Facebook’s Future of Work Is a VR Office with Big Head Avatars

By using the Oculus Quest 2’s controllers, users can trace out a personal working space inside their virtual office, while the Oculus Remote Desktop companion app lets you create virtual representations of your physical computer and even your keyboard in VR, so as to give users a better sense of their surroundings along with full access to their notes and files.

Additionally, thanks to its support for low-latency spatial audio, anytime you’re in a workspace with others (like a virtual conference room), the Quest 2 can make other people sound as if they are in the same room as you are depending on how far away they are, letting you drift in and out of conversations just by moving around. And if you’re not happy with the way your avatar or virtual office look, Facebook says there’s a huge variety of customization options to mess around with.

Horizon workrooms virtual keyboard and display.

For those with compatible computers and peripherals, users will be able to create virtual representations of their physical desk setup in Horizon Workrooms.
Image: Facebook

When it comes to being productive, Facebook also equips every virtual room with a virtual whiteboard, so people can sketch out ideas or diagrams while their colleagues follow along, with the whiteboards also supporting the ability to pin digital images from your files as needed. And when you’re done, you can even save all of your virtual whiteboards to revisit later or export them for traditional 2D viewing.

Also, thanks to built-in support for hand tracking, Workrooms users aren’t forced to employ the Quest 2’s controllers for everything while also enabling hand gestures for more natural communication. And for those who don’t have a VR headset, you can still participate in VR meetings in Horizon Workrooms using your webcam via a traditional invite link, with Facebook supporting up to 16 people in VR and up to a total of 50 people in a single call. And just like standard video meetings, you can still share files, take notes, and sync meetings with your Outlook or Google calendars.


Horizon Workrooms video call support

While Workrooms is intended as a VR-driven experience, colleagues without a VR headset can still attend meetings in 2D via a traditional video call.
Image: Facebook

Of course, with Facebook’s increased focus on supporting privacy and security, the company says that Workrooms will not use data from your virtual meetings to influence advertising and that your colleagues will be unable to view what’s on your virtual desktop unless you give them explicit permission. Finally, in the event that a person or even a whole team does something that violates Facebook’s community and VR conduct policies, users will be able to report people to a team admin or Facebook itself, with users able to include data/recordings from the incident for Facebook to review and handle accordingly.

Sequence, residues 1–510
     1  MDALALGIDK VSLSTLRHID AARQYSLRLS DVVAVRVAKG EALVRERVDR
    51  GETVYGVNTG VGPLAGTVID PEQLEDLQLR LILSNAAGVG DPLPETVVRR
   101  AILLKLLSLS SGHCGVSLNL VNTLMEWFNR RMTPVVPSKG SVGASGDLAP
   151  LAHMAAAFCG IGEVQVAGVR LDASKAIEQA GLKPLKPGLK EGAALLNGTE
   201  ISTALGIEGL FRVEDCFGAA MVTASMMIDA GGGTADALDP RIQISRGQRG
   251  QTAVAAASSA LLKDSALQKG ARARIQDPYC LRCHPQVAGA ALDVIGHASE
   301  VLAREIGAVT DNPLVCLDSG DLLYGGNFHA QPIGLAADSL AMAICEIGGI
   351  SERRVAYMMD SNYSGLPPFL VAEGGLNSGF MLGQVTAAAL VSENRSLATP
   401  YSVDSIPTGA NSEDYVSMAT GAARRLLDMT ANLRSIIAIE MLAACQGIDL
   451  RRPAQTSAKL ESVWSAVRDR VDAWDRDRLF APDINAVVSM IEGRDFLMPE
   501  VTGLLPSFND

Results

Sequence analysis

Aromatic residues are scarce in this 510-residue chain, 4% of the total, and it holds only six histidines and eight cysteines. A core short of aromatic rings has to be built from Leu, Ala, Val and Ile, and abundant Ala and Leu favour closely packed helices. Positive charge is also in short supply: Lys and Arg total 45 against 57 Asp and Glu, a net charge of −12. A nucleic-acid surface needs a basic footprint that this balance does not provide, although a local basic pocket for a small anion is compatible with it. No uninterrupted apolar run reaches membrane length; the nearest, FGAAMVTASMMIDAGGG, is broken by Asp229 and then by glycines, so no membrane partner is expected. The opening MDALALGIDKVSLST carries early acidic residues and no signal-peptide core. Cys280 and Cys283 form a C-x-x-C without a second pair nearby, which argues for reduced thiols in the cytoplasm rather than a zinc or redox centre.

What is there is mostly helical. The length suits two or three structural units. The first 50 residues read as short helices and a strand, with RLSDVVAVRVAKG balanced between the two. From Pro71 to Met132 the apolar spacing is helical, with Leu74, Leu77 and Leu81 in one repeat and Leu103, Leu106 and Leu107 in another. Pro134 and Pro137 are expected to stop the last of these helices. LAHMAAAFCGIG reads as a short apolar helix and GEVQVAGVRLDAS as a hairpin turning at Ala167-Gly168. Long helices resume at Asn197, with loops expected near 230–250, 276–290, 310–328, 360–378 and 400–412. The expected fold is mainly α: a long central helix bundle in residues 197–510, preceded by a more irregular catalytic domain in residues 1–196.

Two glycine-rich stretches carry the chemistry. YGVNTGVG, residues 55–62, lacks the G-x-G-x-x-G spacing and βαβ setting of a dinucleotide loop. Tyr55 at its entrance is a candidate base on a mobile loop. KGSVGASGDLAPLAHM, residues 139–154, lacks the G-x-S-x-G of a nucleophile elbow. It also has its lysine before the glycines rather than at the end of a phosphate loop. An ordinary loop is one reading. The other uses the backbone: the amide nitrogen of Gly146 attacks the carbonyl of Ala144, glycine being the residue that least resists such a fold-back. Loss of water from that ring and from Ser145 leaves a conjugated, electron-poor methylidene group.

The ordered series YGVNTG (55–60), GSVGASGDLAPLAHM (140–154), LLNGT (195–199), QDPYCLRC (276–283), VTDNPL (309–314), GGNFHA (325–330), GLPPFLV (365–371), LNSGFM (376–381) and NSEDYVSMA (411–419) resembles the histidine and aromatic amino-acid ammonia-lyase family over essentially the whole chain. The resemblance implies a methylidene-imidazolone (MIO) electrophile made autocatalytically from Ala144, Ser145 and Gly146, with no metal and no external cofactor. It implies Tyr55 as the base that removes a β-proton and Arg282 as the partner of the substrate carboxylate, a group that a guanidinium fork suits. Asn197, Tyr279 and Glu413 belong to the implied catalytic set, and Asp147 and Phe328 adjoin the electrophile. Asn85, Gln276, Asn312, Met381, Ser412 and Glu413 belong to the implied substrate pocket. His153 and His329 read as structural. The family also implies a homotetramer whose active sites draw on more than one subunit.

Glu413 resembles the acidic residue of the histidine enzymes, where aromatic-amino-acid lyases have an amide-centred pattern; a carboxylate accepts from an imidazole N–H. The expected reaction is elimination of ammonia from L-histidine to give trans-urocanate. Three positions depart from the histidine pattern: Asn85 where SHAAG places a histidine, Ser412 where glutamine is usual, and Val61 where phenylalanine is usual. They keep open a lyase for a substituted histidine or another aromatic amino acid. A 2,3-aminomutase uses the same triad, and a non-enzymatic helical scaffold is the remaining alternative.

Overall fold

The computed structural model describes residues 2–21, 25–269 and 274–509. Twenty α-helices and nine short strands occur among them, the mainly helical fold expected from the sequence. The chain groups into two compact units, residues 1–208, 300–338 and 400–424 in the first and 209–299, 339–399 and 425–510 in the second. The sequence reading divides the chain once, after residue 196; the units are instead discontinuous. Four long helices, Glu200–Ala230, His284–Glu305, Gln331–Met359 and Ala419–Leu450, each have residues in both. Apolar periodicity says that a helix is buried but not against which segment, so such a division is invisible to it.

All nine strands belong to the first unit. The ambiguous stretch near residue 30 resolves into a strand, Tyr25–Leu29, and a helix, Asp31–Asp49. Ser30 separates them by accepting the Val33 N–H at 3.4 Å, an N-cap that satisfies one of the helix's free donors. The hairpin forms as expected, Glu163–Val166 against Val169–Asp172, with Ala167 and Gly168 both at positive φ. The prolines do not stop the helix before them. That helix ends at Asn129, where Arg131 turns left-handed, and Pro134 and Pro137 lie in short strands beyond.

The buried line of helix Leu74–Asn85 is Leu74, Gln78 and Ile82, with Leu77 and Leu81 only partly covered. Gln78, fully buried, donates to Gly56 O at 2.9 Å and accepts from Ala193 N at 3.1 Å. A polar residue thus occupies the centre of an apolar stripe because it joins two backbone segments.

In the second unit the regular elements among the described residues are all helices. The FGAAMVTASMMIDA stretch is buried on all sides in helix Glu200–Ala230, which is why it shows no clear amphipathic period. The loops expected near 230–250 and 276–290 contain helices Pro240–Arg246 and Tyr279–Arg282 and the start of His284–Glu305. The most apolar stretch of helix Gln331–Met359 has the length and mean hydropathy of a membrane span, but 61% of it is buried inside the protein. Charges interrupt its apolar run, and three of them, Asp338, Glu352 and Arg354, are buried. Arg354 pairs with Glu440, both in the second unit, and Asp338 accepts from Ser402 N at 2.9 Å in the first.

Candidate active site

So while Horizon Workrooms might seem a bit awkward or unnecessary right now (those avatars really don’t help), with more and more people looking to work remotely, the idea of improved VR collaboration tools does make a bit of sense.

Horizon Workrooms is available in beta form today as a free download, which you can sign up for here.


Fitbit Charge 5 Leaks Reveal New Color Touchscreen

Fitbit Charge 5 Leaks Reveal New Color Touchscreen

The Charge line has mostly stuck to iterative updates over the years, and as one of the company’s most popular products, Fitbit’s adopted an “if it ain’t broke” strategy. One interesting point will be battery life. Fitbit’s multi-day battery life helps set its gadgets apart in a world increasingly dominated by premium smartwatches that can barely last longer than a day. However, color touchscreens are much more power-hungry compared to monochrome screens. It wasn’t an issue on the Luxe, but then again, the Luxe didn’t have built-in GPS either.

It makes sense that Fitbit would focus more on its trackers this year. Not only did it come out guns blazing last year, but it’s also not likely to make much headway on the premium smartwatch front until next year. While CEO James Park said at Google I/O that the company would be working on a Wear OS 3 smartwatch, Google recently noted that the new platform wouldn’t be coming to non-Samsung watches until mid-2022 at the earliest. That would also give Qualcomm time to shape the hell up and deliver wearable chips that actually use tech from this decade.

We won’t have to wait too long to find out more about the Charge 5. Fitbit generally keeps to a spring-fall launch cadence, and it usually holds a launch event sometime around the end of August.


Someone Made a Playable Clone of Pokémon for the Pebble Smartwatch

Grab This Playable Clone of Pokémon for the Pebble Smartwatch Fast

Pebblemon is currently available through the Rebble.io repository, which was created shortly after the company died as a place to continue to allow users to maintain their smart wearables, and to give developers a way to distribute new apps. If you don’t already use it, you’ll have to jump through a few hoops to get it to play nice with your Pebble watch, but it doesn’t appear terribly difficult. Alternately, Allen has provided all of his source code through GitHub, if you’re in the mood to compile or adapt it into something else yourself.

There are two things to keep in mind if you want to try Pebblemon out: it’s only compatible with the Pebble Time, Pebble Time Round, and Pebble 2 models—not the original version of the wearable—and you’re going to want to jump on this as soon as possible because there’s a very good chance Nintendo’s eager lawyers are already aware of the game, and are already working to wipe it off the face of the Earth.